Man Makes History Giving Birth But Faces Battle To Be Called ‘Dad’ On Birth Certificate
A transgender man who made history by giving birth to a baby is facing a legal battle to be named as the father on the child’s birth certificate.
Freddy McConnell, 32, transitioned from female to male before giving birth in 2018; he had been living as a male for several years and had been taking testosterone from the age of 25, as well as undergoing chest reshaping surgery.
A proud transgender campaigner, Freddy requested to be named as the father when he went to register his firstborn’s birth certificate. However, the General Register Office refused, claiming that a child legally has to have a mother.
Freddy objected, pointing out he is now – and was on the day his child was born – legally a man and should be recognised as such on the legal document.
The new father’s objections have led to a High Court battle, in which Freddy’s lawyer is arguing it’s a breach of his human rights to force him to be recognised as the baby’s mother.
As reported by The Guardian, Freddy had sought a judicial review in the family division of the high court and during the case, his identity and that of his child were protected by an anonymity order.
However, media organisations requested that order was lifted, arguing the new dad had been planning a documentary about the conception, pregnancy and birth of his child, and so he cannot expect to remain anonymous.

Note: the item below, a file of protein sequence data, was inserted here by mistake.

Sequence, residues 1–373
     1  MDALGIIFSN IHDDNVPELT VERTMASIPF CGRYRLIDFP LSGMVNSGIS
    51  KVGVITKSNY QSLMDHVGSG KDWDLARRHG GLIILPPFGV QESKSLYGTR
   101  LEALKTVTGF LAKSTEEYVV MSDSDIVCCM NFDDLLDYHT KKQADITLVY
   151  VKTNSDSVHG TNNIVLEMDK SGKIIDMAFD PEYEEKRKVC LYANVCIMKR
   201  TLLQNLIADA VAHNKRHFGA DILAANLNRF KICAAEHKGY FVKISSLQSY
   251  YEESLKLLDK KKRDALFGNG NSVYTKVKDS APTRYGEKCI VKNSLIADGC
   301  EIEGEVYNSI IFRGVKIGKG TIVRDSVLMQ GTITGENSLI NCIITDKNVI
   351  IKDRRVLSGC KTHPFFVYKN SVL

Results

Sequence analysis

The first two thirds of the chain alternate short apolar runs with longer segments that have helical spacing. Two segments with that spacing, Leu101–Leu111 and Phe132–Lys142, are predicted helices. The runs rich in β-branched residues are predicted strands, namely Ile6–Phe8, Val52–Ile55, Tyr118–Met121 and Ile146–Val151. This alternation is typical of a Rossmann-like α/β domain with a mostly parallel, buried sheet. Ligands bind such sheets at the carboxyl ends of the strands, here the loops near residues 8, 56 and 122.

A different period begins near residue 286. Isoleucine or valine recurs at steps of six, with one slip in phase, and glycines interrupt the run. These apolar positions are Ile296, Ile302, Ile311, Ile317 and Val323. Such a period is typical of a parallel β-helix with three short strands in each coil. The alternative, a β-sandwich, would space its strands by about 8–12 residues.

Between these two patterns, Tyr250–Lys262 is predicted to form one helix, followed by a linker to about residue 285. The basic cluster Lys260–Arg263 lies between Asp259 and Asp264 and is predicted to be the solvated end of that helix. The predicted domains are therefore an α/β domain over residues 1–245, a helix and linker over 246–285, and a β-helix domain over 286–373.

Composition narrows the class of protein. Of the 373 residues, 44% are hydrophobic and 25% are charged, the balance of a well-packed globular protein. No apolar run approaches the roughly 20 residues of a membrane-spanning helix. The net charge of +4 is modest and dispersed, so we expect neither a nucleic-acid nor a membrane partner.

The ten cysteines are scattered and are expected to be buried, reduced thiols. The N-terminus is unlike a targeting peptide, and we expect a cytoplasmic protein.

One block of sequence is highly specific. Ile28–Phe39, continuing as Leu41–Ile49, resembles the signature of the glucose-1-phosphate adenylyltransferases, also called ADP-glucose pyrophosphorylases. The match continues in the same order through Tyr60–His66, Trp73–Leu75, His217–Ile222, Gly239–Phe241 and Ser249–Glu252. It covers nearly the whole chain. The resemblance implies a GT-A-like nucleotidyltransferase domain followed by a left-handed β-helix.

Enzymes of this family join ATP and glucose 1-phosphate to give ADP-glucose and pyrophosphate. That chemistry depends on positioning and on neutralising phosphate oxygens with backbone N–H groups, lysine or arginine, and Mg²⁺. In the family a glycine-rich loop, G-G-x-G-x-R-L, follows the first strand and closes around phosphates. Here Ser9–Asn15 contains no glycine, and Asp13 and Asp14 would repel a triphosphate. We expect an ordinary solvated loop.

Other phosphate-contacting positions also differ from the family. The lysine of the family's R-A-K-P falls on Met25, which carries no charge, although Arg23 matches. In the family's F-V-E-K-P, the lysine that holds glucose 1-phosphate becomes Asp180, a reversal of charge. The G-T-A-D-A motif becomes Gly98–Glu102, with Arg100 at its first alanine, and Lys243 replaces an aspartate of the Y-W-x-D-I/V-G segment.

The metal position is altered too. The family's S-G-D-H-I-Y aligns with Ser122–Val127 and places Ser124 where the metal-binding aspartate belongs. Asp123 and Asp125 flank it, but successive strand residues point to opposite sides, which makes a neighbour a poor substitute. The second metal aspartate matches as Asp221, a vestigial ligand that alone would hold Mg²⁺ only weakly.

Freddy’s lawyers argued linking his name to the case was unfair, warning he could be the subject of online trolling, doorstepping by the media, and other distressing behaviour.
Lawyers representing his child also argued the potential for them to ‘be the target of playground bullies was all too plain’ if the father’s name was known to the public, and that consequences for the child would be ‘extreme’ – even though reporting about the case would not benefit from naming the father.
Responding to the anonymity being lifted, Freddy said:
Protecting my child has always been and will always be my number one concern. This was the purpose of the anonymity order.
Now that my anonymity has been lifted, I embrace the opportunity to draw focus on to the need for equality in this area of the law. All children should be able to have their legal parents correctly and accurately recorded on their birth certificates.
His lawyer, Karen Holden, said having an accurate birth certificate is ‘vital’ as it stays with someone their entire life and ‘forms part of their identity’.
The judgment on whether Freddy should be allowed to be called the child’s father is expected later this week.
If you’ve been affected by any of these issues, and want to speak to someone in confidence contact Mindline Trans+ on 0300 330 5468. The line is open Mondays and Fridays, 8 pm to midnight and is run by trans volunteers.
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